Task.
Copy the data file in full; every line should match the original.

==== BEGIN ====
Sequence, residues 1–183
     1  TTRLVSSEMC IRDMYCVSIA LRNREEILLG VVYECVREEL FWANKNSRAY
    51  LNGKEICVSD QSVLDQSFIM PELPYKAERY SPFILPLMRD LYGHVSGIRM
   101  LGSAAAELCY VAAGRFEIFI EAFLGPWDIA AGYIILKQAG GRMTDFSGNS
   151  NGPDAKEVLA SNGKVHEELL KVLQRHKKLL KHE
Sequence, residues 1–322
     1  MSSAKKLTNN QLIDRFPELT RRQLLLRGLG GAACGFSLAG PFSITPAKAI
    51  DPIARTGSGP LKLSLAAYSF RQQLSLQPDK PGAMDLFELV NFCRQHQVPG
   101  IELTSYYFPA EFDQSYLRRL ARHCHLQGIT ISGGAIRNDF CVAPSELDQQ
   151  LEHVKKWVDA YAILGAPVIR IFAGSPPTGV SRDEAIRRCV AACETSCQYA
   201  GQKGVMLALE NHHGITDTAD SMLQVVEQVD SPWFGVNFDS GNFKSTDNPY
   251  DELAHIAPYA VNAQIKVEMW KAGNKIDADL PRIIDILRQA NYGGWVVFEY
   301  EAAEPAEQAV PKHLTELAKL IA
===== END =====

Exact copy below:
Sequence, residues 1–183
     1  TTRLVSSEMC IRDMYCVSIA LRNREEILLG VVYECVREEL FWANKNSRAY
    51  LNGKEICVSD QSVLDQSFIM PELPYKAERY SPFILPLMRD LYGHVSGIRM
   101  LGSAAAELCY VAAGRFEIFI EAFLGPWDIA AGYIILKQAG GRMTDFSGNS
   151  NGPDAKEVLA SNGKVHEELL KVLQRHKKLL KHE
Sequence, residues 1–322
     1  MSSAKKLTNN QLIDRFPELT RRQLLLRGLG GAACGFSLAG PFSITPAKAI
    51  DPIARTGSGP LKLSLAAYSF RQQLSLQPDK PGAMDLFELV NFCRQHQVPG
   101  IELTSYYFPA EFDQSYLRRL ARHCHLQGIT ISGGAIRNDF CVAPSELDQQ
   151  LEHVKKWVDA YAILGAPVIR IFAGSPPTGV SRDEAIRRCV AACETSCQYA
   201  GQKGVMLALE NHHGITDTAD SMLQVVEQVD SPWFGVNFDS GNFKSTDNPY
   251  DELAHIAPYA VNAQIKVEMW KAGNKIDADL PRIIDILRQA NYGGWVVFEY
   301  EAAEPAEQAV PKHLTELAKL IA